Photo: © Steve Trudell
Hydnum umbilicatum
Pk.

Pileus: 1.5 - 5.0 cm broad; broadly convex to planar at first, becoming arched with maturity, developing an acute pronounced depression (umbilicate); margins inrolled when young then straight and even and finally flaring to undulating, splitting to eroded when mature; surface dry to moist, unpolished, smooth, at times mealy (with minute scales), at times lumpy and uneven; when young orange on disc fading to white to pallid on margins, when mature dark orange on disc, fading to light orange on margin, becoming darker when bruised; context 8 mm at junction of stipe, firm and soft; white at first then discolouring orange when bruised; taste mild; odour indistinct.

Spines: Horizontal to decurrent; close, soft and fleshy; white at first, becoming light orange to greyish orange when mature or bruised.

Stipe: 3 - 5 cm long X 1.0 - 1.5 cm wide at apex, 2.0 - 2.5 cm at base; equal to tapering upwards or at times tapering downwards; usually central though at times eccentric; surface, like cap, unpolished and dull, dry; white with orange tints when young, then pale to deep orange at maturity or when bruised; context solid, firm, coloured and bruised like stipe surface.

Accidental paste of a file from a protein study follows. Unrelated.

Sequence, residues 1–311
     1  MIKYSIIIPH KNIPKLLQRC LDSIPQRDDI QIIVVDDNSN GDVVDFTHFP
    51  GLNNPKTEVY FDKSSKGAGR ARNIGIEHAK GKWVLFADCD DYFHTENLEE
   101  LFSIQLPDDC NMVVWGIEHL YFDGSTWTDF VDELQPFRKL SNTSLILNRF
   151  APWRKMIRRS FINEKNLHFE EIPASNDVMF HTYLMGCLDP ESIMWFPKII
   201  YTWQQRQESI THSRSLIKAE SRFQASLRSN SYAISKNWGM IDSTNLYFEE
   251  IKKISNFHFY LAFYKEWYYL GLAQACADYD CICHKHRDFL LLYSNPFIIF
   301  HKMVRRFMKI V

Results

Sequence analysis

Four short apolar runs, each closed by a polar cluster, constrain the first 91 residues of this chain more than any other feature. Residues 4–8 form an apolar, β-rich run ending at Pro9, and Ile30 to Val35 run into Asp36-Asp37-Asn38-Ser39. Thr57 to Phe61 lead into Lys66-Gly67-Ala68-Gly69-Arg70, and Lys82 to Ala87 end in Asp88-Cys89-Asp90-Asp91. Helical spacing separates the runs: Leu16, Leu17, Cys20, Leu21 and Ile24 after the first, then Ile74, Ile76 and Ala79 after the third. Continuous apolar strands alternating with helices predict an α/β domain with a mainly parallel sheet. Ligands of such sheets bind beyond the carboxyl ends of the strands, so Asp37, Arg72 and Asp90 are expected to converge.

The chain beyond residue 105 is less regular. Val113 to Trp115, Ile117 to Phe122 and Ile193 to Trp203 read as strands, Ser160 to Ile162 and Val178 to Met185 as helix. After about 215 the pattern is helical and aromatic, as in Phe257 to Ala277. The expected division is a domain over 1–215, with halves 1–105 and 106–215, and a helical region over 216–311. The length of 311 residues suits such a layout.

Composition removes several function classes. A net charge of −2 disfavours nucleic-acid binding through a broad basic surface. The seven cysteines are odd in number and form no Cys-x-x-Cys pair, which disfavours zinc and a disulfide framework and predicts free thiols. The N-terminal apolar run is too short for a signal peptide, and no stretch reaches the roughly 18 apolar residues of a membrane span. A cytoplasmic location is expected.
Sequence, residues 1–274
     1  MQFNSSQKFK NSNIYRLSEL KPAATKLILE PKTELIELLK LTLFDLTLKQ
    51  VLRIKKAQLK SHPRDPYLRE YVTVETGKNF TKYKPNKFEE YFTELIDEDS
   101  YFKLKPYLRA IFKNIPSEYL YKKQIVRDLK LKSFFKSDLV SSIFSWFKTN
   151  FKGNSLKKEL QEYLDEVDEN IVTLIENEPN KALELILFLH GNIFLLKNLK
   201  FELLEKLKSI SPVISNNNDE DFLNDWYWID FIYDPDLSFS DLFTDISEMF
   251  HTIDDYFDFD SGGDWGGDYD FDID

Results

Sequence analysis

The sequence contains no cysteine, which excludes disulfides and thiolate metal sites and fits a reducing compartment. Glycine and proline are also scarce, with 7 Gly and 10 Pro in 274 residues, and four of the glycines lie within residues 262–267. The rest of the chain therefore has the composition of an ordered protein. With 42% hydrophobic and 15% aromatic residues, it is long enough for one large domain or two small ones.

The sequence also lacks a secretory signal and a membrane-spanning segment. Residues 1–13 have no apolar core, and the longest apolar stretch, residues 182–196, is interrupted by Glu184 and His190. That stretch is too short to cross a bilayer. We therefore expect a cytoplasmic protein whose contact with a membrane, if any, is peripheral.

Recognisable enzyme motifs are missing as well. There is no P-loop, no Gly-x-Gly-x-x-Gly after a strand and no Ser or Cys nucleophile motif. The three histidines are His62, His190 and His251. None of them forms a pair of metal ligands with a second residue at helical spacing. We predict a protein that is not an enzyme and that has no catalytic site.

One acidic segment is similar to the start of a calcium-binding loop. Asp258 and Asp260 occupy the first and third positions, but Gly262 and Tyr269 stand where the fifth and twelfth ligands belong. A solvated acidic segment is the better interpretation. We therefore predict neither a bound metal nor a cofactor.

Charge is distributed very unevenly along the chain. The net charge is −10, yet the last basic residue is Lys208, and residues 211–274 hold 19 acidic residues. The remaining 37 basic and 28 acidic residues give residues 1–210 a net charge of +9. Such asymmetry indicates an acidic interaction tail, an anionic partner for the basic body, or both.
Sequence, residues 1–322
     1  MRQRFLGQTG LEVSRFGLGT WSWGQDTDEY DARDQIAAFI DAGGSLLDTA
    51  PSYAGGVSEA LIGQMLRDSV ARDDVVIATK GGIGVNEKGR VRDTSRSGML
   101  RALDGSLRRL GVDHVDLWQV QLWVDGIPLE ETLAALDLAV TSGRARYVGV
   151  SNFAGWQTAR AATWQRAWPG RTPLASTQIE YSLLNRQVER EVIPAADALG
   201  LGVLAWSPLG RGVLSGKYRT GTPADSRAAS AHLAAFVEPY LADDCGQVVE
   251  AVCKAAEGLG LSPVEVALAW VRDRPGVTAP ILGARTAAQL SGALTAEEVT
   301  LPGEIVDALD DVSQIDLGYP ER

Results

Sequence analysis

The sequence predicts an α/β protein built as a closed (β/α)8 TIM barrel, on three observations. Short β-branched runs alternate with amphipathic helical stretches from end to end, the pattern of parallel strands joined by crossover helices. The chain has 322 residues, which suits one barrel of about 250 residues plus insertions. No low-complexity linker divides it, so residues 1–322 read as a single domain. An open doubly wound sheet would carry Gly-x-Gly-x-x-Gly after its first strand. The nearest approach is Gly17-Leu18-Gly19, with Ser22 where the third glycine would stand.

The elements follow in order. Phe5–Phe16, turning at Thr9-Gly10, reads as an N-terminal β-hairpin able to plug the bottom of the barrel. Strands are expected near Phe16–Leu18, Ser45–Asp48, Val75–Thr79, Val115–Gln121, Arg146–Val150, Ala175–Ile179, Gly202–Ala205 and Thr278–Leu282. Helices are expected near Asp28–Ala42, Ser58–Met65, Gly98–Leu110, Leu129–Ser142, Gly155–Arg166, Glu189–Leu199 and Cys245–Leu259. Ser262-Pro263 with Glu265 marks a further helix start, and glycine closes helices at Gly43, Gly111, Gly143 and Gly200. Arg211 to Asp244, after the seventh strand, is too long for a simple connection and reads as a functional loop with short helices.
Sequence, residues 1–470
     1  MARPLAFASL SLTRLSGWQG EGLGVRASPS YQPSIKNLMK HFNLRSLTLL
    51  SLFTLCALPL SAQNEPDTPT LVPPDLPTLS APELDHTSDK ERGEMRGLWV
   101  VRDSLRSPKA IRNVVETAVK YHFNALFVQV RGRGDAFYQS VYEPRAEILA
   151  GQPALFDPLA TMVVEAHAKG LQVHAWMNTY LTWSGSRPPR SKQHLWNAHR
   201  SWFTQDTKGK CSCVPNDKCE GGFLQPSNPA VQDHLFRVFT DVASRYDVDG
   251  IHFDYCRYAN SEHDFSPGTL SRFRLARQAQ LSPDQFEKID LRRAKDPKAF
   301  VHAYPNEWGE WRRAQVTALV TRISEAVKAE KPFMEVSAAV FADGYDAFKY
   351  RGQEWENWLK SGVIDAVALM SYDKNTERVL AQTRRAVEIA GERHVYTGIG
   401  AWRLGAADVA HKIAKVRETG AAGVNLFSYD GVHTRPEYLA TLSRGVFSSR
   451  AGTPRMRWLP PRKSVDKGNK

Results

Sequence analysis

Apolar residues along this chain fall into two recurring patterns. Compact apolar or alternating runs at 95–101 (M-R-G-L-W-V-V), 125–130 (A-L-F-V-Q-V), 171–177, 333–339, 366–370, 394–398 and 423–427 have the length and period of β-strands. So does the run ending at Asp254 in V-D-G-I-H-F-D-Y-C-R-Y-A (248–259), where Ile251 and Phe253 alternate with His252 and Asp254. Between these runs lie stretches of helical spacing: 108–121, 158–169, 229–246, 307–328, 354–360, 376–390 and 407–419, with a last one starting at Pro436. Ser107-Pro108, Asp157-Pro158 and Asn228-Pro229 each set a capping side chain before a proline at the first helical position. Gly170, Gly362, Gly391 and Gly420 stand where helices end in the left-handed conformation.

Microcharacteristics: Spore print white, spores 8 - 10 X 7 - 8 µm, globose to subglobose, smooth, inamyloid; hymenial cystidia absent.

Comments: This species was previously known as Dentinum umbilicatum. There is a less common relative of H. umbilicatum in these forests, H. repandum. They are differentiated microscopically by spore size and stature. Hydnum repandum has smaller spores and is more robust.

Further Reading:

Hall, D. and D.E. Stuntz. 1971. Pileate Hydnaceae of the Puget Sound Area. I. White spored genera: Auriscalpium, Hericium, Dentinum and Phellodon. Mycol. 63:937-1098.